Why is this not happening? It would require a change in their constitution and a redistribution of voting rights according to new economic strength of nations. China would become a much more important player with a more important share and decision-making role. Of course, that’s what the US does not want to happen. But the unwillingness to adapt to new realities makes these institutions irrelevant to the point that they should and might fade away.

Interestingly, though, two of the three economic projection scenarios of the IMF, foresee another pandemic, or a new wave of the old pandemic in 2021. What does the IMF know that we don’t?

Juxtaposed to the insensitive approach of the global financial institutions and the globalized private banking system, the World Food Program warns (25 April 2020) that the COVID-19 pandemic will cause “famines of biblical proportions”; that without urgent action and funding, hundreds of millions of people will face starvation and millions could die as a result of the COVID-19 pandemic.

As it is, every year about 9 million people die from famine in the world.

The WFP Executive Director, David Beasley, told the UN Security Council that in addition to the threat to health posed by the virus, the world faces “multiple famines within a few short months,” which could result in 300,000 deaths per day—a “hunger pandemic.”

Beasley added that even before the outbreak, the world was “facing the worst humanitarian crisis since World War II” this year due to many factors. He cited the wars in Syria and Yemen, the crisis in South Sudan and locust swarms across East Africa. He said that coupled with the coronavirus outbreak, famine threatened about three dozen nations.

According to the WFP’s “2020 Global Report on Food Crises” released Monday (20 April ),135 million people around the world were already threatened with starvation. Beasley said that as the virus spreads, “an additional 130 million people could be pushed to the brink of starvation by the end of 2020. That’s a total of 265 million people.”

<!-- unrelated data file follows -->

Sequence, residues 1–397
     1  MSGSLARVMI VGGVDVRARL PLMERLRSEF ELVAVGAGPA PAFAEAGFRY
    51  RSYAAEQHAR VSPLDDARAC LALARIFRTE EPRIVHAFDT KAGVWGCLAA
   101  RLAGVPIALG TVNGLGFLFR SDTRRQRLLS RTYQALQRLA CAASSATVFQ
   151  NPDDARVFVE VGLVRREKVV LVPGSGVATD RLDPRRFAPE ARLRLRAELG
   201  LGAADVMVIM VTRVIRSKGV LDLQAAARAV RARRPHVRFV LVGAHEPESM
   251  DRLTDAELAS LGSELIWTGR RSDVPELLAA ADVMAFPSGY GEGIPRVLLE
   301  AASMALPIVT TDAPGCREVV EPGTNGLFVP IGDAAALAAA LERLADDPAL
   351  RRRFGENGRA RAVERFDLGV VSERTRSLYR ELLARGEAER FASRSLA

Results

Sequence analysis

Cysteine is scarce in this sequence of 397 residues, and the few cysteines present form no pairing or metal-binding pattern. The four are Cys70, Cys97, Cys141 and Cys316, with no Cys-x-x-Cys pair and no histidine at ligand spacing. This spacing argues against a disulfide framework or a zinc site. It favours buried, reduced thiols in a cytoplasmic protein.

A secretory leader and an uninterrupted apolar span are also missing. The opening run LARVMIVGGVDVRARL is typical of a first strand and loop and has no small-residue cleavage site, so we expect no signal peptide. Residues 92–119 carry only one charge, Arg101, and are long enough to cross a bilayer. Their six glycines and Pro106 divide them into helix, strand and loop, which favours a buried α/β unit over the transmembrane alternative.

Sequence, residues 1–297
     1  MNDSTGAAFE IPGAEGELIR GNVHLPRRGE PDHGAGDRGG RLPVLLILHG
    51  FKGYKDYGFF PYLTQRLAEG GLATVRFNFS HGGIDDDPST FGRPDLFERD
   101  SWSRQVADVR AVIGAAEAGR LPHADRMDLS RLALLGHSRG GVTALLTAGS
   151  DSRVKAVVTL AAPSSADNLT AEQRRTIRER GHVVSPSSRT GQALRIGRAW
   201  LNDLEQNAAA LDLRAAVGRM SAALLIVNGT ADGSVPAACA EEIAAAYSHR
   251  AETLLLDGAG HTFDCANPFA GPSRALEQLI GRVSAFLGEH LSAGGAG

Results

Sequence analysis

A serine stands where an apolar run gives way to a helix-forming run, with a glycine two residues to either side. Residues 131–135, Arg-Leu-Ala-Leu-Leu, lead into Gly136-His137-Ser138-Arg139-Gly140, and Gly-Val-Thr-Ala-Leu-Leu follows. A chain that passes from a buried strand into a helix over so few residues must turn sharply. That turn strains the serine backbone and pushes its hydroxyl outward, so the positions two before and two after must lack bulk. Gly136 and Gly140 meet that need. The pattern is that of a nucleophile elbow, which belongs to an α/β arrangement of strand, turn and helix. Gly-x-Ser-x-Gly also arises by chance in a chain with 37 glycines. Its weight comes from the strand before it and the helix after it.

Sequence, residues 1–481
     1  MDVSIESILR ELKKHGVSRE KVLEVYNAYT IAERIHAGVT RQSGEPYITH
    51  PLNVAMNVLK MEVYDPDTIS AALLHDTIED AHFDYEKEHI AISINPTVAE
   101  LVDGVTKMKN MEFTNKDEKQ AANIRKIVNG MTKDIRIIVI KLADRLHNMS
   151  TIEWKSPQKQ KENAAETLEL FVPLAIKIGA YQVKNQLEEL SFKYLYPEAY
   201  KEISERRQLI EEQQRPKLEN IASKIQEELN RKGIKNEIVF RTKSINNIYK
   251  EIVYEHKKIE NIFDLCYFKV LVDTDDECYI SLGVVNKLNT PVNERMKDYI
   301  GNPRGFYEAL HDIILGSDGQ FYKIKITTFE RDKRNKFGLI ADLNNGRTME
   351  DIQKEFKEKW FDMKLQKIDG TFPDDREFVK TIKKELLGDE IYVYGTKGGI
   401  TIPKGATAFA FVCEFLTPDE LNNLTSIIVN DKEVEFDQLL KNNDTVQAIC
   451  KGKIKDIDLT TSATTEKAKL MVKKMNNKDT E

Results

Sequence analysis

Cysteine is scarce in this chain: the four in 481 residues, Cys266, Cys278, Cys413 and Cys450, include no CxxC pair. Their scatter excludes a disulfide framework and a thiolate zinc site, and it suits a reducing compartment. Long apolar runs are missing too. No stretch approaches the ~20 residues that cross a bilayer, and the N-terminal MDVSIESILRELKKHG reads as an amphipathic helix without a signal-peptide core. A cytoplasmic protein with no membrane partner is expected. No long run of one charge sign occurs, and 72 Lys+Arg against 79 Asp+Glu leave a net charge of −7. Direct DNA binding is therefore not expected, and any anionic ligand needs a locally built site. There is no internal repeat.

The famine pandemic is further exacerbated by the ongoing refugee crisis – which is also a catastrophe of misery – hunger, disease, lack of shelter, total lack of hygiene in most of the refugee camps.

Professor Jean Ziegler, Sociologist (Universities Geneva and Sorbonne, Paris), Vice-President of the UN Human Rights Committee, recently visited the refugee camp of Moria on the Greek island of Lesbos. He described a situation where 24,000 refugees are cramped into military barracks that were built for 2,800 soldiers, live under calamitous circumstances – lack of potable water, insufficient and often inedible food, clogged and much too few stinking toilets…. diseases no end. COVID19 would just be a sideline.

These people who fled Europe-and-western-caused warzones, destroyed livelihoods are being pushed back by the very European Union, as most countries do not want to host them and give them a chance for a new life. This atrocious xenophobic behavior of Europe is against Human Rights all EU countries signed and against internal EU rules. They are a sad reminder of what Europe really is – a conglomerate of countries with a history of hundreds of years of colonization, of merciless exploitation, plundering and raping of the Global South.

This abjectly atrocious characteristic, shamelessly continuing to this day, seems to have become an integral part of the European DNA. These wars and conflicts are willfully US-NATO made, for power, greed – to maintain the US military industrial complex alive and profitable – and as a stepping stone towards total world hegemony.

The refugees emanating from these conflict zones, their fate and famine will be added to those starving from the also man-imposed corona crisis. The death toll from sheer hunger and famine-related causes, may become astronomical by the end of 2020, way-way outweighing and dwarfing the doctored and manipulated COVID-19 figures.

Is there hope? Yes, there is hope, as long as we live. The world has to wake up. Seven billion people under lockdown — wake up! Realize what is happening to you, all under false pretenses to control humanity, to digitize and robotize your very lives. What better way to do this than under the pretext of locking you away “for your own safety”?  Defy these rules, stand up against these invisible omni-powerful self-appointed rulers, who only have the power, we, the People, give them, or allow them to take from us. Because all they have is money, and corrupted media that spread fear and more fear to keep locking you down.